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Doing Fingers Better : The Battle for Perfect AI in Art

The role of AI in art and creative fields is a topic of ongoing discussion and debate, I’m pretty sure we all have our own opinion on our AI faves or AI as our foes. While AI systems, such as those focused on generating visual content, have shown impressive capabilities, it took a million years to make fingers happen.

We Really Wanna See Those Fingers

The battle for AI in art does not solely revolve around getting fingers right. While fingers were indeed a challenging aspect for AI models like DALL-E and Clip (which powers Midjourney), the overall goal of this use case for AI is to develop artificial intelligence systems that can understand and generate creative and artistic content.

Fingers have been a difficult problem for AI models because they are intricate and have complex shapes and movements. Capturing the fine details and nuances of fingers in visual representations requires a high level of precision. Historically, generating realistic images of fingers and hand poses has been challenging for AI models, especially when it comes to representing subtle variations and movements.

AI systems are designed to learn from existing data and generate outputs based on patterns and examples they have been trained on. While they can produce impressive and novel results, they lack the ability to truly understand concepts, emotions, and abstract ideas in the same way human artists do. Concept artists and fine artists bring their unique perspectives, experiences, and creative thinking to their work, allowing them to create original and innovative pieces that reflect their individuality.

However, it is important to note that the progress of AI models in the field of Art AI goes beyond just fingers. Researchers and engineers have been working on various aspects of visual understanding, generation, and creativity. AI models like DALL-E and Midjourney have achieved significant advancements in generating complex images, understanding context, and producing creative outputs.

What the Eye Sees, the Heart Feels, Right?

LinkedIn. The cultural melting pot of flexes, opinions and the harshest critics of everything. A CEO friend from a brilliant web3 gaming company went through a phase of calling out LinkedIn AI art aficionados with the famous words “show me them fingers” each time someone shared an image of “red haired woman standing in Parisian street wearing Hermes” [replace this prompt with similar ad infinitum] but beneath the surface of these, er, surface images is perception.

The focus on fingers in certain AI projects might be due to their significance in human visual perception and expression. Fingers play a crucial role in many artistic forms, including gestures, hand poses, and fine details in visual artworks. Go and talk to a game artist, they don’t just show up fresh from a tutorial on Youtube; oh no—though they look like they do. Game artists are artists. It's just that they apply their craft in games. Their work is studied, developed, iterated upon, it isn’t just farted out through a machine. Oh and they do fingers. Sometimes, they just do fingers. And thumbs.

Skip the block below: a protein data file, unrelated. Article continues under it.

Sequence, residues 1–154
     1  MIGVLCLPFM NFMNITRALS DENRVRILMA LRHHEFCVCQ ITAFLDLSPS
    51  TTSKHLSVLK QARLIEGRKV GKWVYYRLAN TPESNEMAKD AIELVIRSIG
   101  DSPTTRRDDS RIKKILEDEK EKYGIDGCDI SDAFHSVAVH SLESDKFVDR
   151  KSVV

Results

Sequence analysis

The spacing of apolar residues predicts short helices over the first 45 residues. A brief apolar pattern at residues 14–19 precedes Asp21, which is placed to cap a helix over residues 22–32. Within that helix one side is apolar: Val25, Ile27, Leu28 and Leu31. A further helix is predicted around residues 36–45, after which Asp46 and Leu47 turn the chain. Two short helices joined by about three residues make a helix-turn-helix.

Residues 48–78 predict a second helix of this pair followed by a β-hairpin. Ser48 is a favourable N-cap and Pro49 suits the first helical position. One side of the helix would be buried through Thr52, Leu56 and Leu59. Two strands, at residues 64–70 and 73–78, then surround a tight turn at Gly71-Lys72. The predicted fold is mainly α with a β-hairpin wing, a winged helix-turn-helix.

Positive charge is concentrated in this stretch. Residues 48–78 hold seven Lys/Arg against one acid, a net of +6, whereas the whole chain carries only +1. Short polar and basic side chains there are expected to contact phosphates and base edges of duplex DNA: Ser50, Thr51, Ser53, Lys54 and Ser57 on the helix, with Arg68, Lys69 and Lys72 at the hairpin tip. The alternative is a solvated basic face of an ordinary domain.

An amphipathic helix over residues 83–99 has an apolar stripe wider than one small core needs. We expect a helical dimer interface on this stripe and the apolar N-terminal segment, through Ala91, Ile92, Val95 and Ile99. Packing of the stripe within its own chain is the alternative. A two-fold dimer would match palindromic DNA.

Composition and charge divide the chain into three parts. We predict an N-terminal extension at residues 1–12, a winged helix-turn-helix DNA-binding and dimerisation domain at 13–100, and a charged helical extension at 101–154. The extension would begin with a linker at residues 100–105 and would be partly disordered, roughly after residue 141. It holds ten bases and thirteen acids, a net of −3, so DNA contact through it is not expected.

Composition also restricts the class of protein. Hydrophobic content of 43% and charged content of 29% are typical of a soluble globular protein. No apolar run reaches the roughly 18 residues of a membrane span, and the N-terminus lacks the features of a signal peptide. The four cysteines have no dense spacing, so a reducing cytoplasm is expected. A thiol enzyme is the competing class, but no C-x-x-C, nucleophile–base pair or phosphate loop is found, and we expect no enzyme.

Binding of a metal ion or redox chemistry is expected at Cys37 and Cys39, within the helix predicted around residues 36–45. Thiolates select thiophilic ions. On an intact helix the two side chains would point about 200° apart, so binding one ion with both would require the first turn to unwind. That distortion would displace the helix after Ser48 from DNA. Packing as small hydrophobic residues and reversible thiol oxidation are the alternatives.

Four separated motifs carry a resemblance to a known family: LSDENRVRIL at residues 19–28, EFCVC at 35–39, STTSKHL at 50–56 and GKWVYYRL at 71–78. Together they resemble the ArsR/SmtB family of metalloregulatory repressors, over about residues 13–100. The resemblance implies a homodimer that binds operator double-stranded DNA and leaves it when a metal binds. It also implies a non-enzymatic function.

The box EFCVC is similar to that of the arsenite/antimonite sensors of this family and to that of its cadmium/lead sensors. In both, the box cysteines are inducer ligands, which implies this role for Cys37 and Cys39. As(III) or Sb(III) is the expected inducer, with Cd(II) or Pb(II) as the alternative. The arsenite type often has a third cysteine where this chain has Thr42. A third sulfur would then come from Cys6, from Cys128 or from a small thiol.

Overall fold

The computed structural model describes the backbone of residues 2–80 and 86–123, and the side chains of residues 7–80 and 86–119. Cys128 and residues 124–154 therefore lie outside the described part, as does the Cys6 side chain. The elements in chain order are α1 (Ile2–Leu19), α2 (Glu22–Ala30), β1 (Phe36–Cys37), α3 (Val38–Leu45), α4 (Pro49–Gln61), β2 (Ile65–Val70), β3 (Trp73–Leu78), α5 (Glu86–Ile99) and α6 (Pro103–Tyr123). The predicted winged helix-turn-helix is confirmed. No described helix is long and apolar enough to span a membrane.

AI researchers aim to improve the overall realism and expressiveness of AI-generated art, of course they do, but their machines need to learn a whole lot of fingers.

Just Enough

Art is not only about the final visual output but also the process and personal touch involved in its creation. Artists use their hands, emotions, and experiences to express themselves through their work. They bring a human element to their art that encompasses more than just visual representation. This human touch and expression are difficult for AI systems to replicate fully, I mean, this is not a lie, these things are difficult to understand as a human sometimes, let alone AI. Remember that AI is not a person, you are. Which is why flexing a ripped Albert Einstein across your socials feels more like the end of days than “hundreds” of leading thinkers heralding ChatGPT as the Axis of Evil.

Is art subjective? You’d better believe it. And it can be interpreted differently by different individuals. Human artists have the ability to convey their thoughts, emotions, and messages in ways that can resonate with others on a deep level. AI systems may struggle to capture the same level of nuanced and subjective interpretation that human artists can achieve; and because art is often a collaborative process—the human connection and interaction that take place during the creation and appreciation of art are significant aspects that AI systems cannot replicate.

Instead of replacing artists, shouldn’t AI systems serve as powerful tools that augment and enhance the creative process? Yes. That might even help the finger issue magically disappear (though I believe someone already got the memo) They can be used as sources of inspiration, assist in generating ideas, or provide new tools for artists to explore their creativity. AI-generated art can also open up new possibilities and aesthetics that were previously unexplored. The collaboration between human artists and AI systems has the potential to yield exciting and innovative results, while still maintaining the unique contributions of human creativity. At the end of the day artists are bringing us soul, they’re speaking to us from a place of understanding. If you want a generative wolf howling at Uranus, that’s between you and your therapist. I’m not feeling AI art at all, I want to feel a connection when I’m standing looking at something, I want to feel that The Artist Is Present whether I’m in a game or a museum; so give me what you got and bring those fingers too.


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